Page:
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Cool Runnings is Julianne Watkins' pride and joy
Friday, February 08, 2013 - by Charlene Sharpe, USTA Web Newsroom Senior Correspondent

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Charlene Sharpe
Dover, DE --- Julianne Watkins believes in bucket lists.

That's what she'll tell you when you bring up her striking roan broodmare.

"I'd always wanted a strawberry roan," she said.

After Watkins saw the roan mare Gifted Debutante in the winner's circle at Dover Downs one night, the Falcon Almahurst mare stayed in the back of her mind. When she noticed that she hadn't raced in some time, she tracked her down and eventually purchased her as a broodmare.

Watkins, who grew up watching the races at Brandywine and Liberty Bell with her stepfather, decided to get her own horse about a decade ago.

"Financially it was the right time for me," said Watkins, who'd always liked horses.

Her first Standardbred was Lavros Victoria N, a claimer close friend and trainer Janet Davis campaigned for her for several years. It was during that time that Watkins purchased Gifted Debutante, who she started breeding in 2005.

Julianne Watkins and Cool Runnings in the paddock at Dover Downs.

It's one of her foals that is currently the star of the Watkins stable. Cool Runnings p,4,1:51 ($120,989), if not recognizable enough by his roan coloring, can be seen in the paddock wearing a Rasta hat on race nights. The Three Olives gelding shares his name with the 1993 movie based on the story of the first Jamaican Olympic bobsled team.

"He's finished second the last three times I've made him wear the hat," Watkins joked.

She said she decided to dub her colt -- who she thought was a bay until his hair fell out at four months old and he turned into a roan -- with a Jamaican themed name since it was such an important place to her and her husband. Watkins said they've been traveling there twice a year since the 1980s.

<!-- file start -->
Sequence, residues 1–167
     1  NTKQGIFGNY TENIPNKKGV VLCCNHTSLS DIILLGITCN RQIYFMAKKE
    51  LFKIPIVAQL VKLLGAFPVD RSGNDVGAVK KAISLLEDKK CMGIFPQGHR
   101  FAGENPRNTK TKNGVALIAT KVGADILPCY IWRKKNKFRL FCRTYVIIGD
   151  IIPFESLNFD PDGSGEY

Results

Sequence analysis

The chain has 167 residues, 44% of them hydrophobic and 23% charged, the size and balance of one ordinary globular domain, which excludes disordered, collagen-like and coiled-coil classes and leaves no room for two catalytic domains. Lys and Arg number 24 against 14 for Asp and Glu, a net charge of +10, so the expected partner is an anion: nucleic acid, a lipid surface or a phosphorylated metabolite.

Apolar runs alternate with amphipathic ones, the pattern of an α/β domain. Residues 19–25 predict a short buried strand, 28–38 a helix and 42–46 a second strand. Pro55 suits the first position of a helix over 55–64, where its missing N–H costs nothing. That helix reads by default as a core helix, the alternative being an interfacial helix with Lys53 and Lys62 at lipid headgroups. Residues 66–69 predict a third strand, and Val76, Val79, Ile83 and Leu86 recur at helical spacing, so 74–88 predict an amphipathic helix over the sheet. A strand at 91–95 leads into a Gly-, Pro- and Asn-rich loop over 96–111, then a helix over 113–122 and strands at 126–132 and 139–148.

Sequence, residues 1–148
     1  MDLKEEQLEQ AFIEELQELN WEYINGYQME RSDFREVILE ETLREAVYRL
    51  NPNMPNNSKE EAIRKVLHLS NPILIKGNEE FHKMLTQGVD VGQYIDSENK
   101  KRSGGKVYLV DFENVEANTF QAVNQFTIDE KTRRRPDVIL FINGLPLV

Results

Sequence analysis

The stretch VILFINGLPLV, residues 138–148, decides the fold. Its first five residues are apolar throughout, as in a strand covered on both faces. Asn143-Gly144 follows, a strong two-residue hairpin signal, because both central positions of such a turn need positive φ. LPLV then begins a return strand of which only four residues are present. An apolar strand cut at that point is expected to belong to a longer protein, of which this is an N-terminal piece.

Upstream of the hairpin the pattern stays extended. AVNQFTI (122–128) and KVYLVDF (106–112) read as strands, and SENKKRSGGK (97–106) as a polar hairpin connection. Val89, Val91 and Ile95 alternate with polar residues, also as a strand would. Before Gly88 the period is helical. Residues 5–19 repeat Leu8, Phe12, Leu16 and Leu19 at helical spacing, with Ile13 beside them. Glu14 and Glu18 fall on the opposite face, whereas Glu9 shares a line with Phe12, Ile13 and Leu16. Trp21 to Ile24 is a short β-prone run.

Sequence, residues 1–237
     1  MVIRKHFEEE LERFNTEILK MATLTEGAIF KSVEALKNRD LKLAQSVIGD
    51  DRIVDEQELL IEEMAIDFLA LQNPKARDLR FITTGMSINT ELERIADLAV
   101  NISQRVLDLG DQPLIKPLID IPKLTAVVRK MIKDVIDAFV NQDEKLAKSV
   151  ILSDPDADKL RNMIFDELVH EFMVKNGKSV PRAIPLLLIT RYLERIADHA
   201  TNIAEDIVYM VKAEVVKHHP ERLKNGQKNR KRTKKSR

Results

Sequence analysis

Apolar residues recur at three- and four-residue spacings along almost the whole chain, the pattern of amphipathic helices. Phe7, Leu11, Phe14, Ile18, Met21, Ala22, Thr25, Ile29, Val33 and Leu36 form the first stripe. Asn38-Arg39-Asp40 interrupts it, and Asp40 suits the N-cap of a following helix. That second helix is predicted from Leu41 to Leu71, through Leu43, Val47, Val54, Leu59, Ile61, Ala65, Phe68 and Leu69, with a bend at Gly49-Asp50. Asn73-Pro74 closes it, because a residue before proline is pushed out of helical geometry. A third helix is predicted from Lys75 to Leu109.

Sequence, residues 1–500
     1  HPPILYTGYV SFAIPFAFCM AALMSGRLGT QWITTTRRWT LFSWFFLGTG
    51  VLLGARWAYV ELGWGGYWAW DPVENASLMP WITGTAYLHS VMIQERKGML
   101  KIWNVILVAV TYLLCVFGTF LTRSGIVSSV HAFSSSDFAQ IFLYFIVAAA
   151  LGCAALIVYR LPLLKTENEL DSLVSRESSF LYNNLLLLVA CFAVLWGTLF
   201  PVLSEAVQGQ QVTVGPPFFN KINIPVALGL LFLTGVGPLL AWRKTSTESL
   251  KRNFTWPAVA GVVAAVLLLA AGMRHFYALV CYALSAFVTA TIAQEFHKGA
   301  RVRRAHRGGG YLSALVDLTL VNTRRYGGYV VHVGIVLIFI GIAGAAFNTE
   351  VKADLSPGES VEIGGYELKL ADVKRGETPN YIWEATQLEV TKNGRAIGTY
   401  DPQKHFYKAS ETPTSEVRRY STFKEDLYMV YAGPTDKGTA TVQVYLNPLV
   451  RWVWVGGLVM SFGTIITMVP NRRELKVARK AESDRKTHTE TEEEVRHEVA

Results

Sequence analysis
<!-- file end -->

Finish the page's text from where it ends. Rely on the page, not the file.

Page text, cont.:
"We just love everything about it," she said, "the culture, the music, the food."

And so Cool Runnings walks through the paddock with no less than a towel in the green, yellow and black of the Jamaican flag, typically accompanied by Watkins in a matching shirt.

His patriotism hasn't gone unnoticed, as Watkins has friends in Jamaica who make a point to watch him race. She was even able to show one of his win photos to Wayne Blackwood during a visit to the island. Blackwood was the "brakeman" on the Jamaican bobsled team in the 1998 Olympic Games.

"That was pretty cool to meet a real bobsledder," Watkins said.

Cool Runnings has banked more than $120,000 in his career.

Entering his fifth season of racing, Cool Runnings has had three seconds and one third from four starts at Dover Downs this year. He took his lifetime mark of 1:51 as a 4-year-old at the Meadowlands.

"We were so excited," Watkins said. "We didn't expect him to go out there and go in 1:51 his first time at the Meadowlands. I don't think I could breathe for a minute."

So far Cool Runnings has made more than $120,000 for Watkins, who says she is happy as long as her horses are paying for themselves. From 104 lifetime starts Cool Runnings now has has eight wins, 16 seconds and 15 thirds.

In addition to Cool Runnings, Watkins has two other foals from Gifted Debutante. Four-year-old Shoo Shoo Baby is currently recovering from a knee injury while yearling Reggae Renegade is enjoying his time in the field before he heads to the barn this fall.

Photos courtesy of Julianne Watkins
Gifted Debutante with her 2012 foal, Reggae Renegade.

While watching Gifted Debutante's foals grow up has been one of the highlights of horse ownership for Watkins, she has also experienced some lows. Gifted Debutante was carrying a foal by Art Director in 2010 when she miscarried on Christmas Day. Watkins said she considered it her Christmas gift that the mare came through the ordeal fine.

"You get the highs and the lows," she said.

Watkins says she's officially retired Gifted Debutante from breeding now but she is eagerly awaiting watching Reggae Renegade start the journey to becoming a racehorse this fall. She remains in touch with Ohio horseman Glenn Huber, Gifted Debutante's breeder, who enjoys hearing how her foals are doing.

Watkins says that even though she doesn't train them herself, she loves watching the animals she's raised become racehorses.

"It's fulfilling knowing I've done the whole cycle," she said, "raising them and watching them qualify. For me these are my kids."

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